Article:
Steinbrenner heirs could save millions from one-year gap in estate tax

Yankees owner who rebuilt the team into a sports empire with a mix of bluster and big bucks died of a heart attack July 13, 2010.
By Peter Whoriskey
Wednesday, July 14, 2010

George Steinbrenner never had to synchronize his bat with a major league fastball, but in death, his timing was impeccable.

By dying this year, the New York Yankees' billionaire owner found the sweet spot in the U.S. tax code, exiting this earthly world during a year in which a congressional stalemate has allowed the estate tax to lapse, potentially saving his heirs hundreds of millions of dollars.

Had he died last year and tried to pass his fortune on to his children or grandchildren, they would have faced a 45 percent tax. Had he lived until next year, the rate would have been 55 percent. But Steinbrenner's death this year, like that of three other known billionaires who have died in 2010, gives his heirs a break.

Forbes estimated Steinbrenner's personal wealth last year at $1.15 billion.

The year-long hiatus of the estate tax, which normally falls on the very rich, could cost the U.S. Treasury an estimated $14.8 billion in 2010.

"In the midst of this terrible recession, the idea of giving billionaires a massive tax break is obscene," Sen. Bernard Sanders (I-Vt.) said Tuesday. "Already we have four billionaire families who are not paying taxes -- Steinbrenner's being the last one. Many billions are being lost. We have to address that reality right now."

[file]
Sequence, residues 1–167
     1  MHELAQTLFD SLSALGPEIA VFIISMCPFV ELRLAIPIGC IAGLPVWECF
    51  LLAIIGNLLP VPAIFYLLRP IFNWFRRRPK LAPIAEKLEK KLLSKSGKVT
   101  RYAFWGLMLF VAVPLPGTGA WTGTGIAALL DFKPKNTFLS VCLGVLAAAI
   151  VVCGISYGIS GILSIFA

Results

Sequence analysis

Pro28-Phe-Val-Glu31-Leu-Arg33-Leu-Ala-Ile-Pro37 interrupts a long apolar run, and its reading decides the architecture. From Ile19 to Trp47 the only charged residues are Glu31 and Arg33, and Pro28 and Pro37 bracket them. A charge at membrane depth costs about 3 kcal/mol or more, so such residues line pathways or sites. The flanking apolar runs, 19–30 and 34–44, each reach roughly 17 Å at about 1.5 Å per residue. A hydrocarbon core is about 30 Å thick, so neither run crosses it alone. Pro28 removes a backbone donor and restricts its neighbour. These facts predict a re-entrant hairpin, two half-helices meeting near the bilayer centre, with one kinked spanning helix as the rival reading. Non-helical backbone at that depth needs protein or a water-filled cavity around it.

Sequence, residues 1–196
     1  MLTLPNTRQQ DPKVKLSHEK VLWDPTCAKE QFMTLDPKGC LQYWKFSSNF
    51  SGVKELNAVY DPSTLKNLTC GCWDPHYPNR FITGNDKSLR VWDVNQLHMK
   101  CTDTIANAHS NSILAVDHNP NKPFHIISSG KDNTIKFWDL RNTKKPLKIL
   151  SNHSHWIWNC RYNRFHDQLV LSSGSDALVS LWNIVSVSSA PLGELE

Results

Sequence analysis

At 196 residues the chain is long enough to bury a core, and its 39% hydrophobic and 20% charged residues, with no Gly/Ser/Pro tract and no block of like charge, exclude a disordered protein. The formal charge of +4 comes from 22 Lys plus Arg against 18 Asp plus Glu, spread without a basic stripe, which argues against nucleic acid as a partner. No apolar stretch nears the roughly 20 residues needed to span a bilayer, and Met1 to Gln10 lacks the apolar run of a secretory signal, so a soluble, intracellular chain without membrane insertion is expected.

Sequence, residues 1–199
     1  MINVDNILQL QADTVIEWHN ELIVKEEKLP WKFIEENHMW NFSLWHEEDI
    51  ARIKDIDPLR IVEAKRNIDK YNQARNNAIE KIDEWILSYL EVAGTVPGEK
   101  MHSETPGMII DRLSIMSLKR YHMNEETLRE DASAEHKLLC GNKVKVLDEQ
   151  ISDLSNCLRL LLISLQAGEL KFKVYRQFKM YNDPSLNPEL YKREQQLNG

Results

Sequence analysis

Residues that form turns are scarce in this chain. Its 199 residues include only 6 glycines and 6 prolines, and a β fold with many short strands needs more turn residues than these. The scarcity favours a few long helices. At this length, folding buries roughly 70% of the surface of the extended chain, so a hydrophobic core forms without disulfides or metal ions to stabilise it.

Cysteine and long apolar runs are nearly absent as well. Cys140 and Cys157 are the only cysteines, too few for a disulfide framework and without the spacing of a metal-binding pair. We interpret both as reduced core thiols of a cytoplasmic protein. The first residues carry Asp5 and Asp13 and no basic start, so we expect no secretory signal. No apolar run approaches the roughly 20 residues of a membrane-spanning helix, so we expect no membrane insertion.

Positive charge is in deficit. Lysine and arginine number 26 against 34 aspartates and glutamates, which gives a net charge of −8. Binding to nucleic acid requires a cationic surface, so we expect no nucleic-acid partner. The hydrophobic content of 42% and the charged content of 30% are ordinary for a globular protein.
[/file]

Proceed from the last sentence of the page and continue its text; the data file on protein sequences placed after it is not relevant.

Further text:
The absence of the federal estate tax stems from the Bush tax cuts of 2001. The Senate Finance Committee has been wrangling over how to reinstate it. Three senators -- Sanders, Tom Harkin(D-Iowa) and Sheldon Whitehouse (D-R.I.) -- proposed a measure last month that would put in place an escalating tax on estates valued at more than $3.5 million, rising to 55 percent, with an extra 10 percent levied on the estates of billionaires.

Opponents say the estate tax is unfair because it taxes income twice, once when it is earned and again when it is transferred to heirs.

Until the issue is settled, the temporary absence of the tax is complicating the financial plans of billionaires and their families and leaving open the macabre possibility that heirs will hope their benefactor will die this year rather than next.

"Because of Mr. Steinbrenner's public name and stature, his death may draw the attention of Congress -- they simply have to decide what do," said Henry Christensen, a partner in McDermott Will & Emery who is president of the International Academy of Trust and Estate Counsel.

Christensen noted that Steinbrenner likely would have planned to reduce exposure to the estate tax by establishing trusts and family vehicles to essentially bequeath his fortune early. Moreover, the amounts passed on to his wife or to charity on his death would be exempt from the tax.

But had there been an estate tax in place, the amount of his estate subject to the tax could have been "substantial," he said.

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